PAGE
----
It’s that time of year again.
Normally about now, families start ending summer vacation. They start planning for the school year ahead. And of course, there’s all the back-to-school shopping.
But this year is one like no other. And not much about the school year ahead resembles something typical.
There’s a pandemic and need for social distancing, as we’re more than well-aware. And we are seeing the impacts of that on education from the national and state level, all the way down to our districts, schools and students.
This month’s back-to-school issue reflects the challenges and changes local families face — but it also reflects the educational community’s ability to adapt and problem-solve.
Our main feature covers this topic thoroughly in an in-depth piece about what parents, students and teachers can anticipate on that first day of school, as well as how districts and educators have had to keep very nimble to get there. It’s a piece every parent will want to read.
Our other feature his month covers the topic of after-school activities and sports, their benefits and ways kids can continue receiving some of these benefits even nowadays.
Even though it’s far from the usual back-to-school shopping season, there are still some supplies parents will want to get their students — albeit some very different from what they likely expected. To that end, What’s Hot offers an expanded edition this month in order to include some useful items spanning the categories of safety, learning and function (think: easy-to-clean lunch gear).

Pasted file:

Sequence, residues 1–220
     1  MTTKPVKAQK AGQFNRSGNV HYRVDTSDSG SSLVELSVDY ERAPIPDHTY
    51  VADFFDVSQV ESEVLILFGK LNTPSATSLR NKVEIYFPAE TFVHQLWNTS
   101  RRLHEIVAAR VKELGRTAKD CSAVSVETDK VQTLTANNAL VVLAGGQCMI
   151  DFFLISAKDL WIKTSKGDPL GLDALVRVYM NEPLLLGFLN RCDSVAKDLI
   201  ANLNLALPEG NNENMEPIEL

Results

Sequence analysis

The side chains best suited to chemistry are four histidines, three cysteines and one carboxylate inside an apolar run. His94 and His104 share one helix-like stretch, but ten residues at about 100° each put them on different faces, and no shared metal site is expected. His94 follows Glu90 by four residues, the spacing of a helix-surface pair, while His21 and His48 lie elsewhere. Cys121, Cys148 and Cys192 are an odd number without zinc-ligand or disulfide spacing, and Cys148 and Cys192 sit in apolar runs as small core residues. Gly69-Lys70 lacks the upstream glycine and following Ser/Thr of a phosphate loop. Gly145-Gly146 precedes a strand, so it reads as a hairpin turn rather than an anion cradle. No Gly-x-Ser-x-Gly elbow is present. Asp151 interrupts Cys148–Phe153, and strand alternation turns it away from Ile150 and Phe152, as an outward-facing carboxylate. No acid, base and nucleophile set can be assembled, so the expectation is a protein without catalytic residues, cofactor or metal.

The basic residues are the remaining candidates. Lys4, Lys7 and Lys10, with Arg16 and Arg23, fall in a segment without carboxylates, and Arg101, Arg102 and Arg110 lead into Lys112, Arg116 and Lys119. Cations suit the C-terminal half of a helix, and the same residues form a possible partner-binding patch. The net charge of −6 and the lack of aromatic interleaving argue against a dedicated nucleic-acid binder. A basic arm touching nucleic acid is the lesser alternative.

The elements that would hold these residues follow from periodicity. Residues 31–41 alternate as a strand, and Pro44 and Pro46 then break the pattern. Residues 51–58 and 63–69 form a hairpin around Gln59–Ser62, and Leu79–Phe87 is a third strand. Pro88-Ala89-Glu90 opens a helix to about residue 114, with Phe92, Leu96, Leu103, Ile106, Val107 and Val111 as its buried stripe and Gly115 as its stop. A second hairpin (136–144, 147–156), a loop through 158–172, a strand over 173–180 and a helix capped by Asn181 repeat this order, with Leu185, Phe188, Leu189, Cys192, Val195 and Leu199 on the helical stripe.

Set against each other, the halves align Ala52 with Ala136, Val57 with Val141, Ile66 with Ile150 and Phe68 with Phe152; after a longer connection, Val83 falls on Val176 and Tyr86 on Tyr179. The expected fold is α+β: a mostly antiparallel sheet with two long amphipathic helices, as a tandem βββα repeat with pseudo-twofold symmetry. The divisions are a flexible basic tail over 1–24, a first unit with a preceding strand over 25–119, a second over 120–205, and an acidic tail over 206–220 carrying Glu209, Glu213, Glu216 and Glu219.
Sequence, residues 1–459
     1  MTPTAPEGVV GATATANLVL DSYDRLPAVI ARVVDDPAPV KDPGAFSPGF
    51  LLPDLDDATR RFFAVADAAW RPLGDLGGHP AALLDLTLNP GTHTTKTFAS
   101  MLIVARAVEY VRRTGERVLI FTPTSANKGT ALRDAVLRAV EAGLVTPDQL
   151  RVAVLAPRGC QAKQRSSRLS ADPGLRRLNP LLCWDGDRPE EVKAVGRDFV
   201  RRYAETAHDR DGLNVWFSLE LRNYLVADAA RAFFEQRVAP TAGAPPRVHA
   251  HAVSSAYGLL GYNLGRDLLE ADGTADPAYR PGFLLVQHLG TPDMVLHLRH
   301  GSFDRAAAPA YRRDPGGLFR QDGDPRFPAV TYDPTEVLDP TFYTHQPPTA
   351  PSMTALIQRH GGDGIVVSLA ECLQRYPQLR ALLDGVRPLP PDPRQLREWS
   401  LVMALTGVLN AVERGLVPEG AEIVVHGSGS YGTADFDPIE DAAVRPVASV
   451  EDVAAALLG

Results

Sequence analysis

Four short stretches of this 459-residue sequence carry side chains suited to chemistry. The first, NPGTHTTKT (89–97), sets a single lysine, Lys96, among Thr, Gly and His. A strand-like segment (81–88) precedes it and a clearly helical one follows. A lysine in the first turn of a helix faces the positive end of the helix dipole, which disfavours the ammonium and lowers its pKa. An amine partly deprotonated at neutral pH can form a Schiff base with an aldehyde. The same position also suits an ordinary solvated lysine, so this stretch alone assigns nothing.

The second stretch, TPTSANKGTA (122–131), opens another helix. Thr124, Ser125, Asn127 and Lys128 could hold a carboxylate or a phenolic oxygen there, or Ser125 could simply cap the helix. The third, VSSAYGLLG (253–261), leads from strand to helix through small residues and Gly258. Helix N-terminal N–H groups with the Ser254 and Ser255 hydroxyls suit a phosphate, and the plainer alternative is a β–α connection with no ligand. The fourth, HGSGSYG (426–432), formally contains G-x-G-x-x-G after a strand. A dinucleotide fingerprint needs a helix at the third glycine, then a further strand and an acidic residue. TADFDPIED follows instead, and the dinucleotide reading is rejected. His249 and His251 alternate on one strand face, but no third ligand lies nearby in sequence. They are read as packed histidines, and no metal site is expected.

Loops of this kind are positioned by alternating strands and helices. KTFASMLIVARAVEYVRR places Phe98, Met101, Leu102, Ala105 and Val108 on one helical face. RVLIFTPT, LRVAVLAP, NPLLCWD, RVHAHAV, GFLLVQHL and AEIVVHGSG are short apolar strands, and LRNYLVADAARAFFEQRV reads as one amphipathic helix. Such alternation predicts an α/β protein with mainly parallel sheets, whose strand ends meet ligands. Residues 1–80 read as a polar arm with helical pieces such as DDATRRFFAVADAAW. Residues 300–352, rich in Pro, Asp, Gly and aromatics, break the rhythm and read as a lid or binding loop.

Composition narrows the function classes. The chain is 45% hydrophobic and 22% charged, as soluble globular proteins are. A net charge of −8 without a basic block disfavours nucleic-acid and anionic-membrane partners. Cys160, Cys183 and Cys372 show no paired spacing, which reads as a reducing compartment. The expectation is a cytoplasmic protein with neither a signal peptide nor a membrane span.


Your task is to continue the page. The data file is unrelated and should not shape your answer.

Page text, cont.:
Considering it’s still plenty hot out, Foodie Jr. gives some great ideas on keeping hydrated with some frozen drink options for all members of the family. Meanwhile, The Pause Button offers up some outdoor fun for the family in the form of local hikes that lend themselves perfectly to this time of year.
Things have changed a lot at home. And for pet owners, that could mean something else to consider: how pets might react when kids and parents start leaving the home more. Pets in the Family covers this by addressing the possibility of separation anxiety, signs to look out for and some ways to deal with it.
Speaking of anxiety — many of us have undoubtedly experienced it on some level over the past few months. Along those lines, our Mindfulness column covers the important topic of methods for staying sane when things get real.
It’s an unusual back-to-school, no doubt about it. But we are adapting and making things work how we can.
— Jessica Peralta, Editor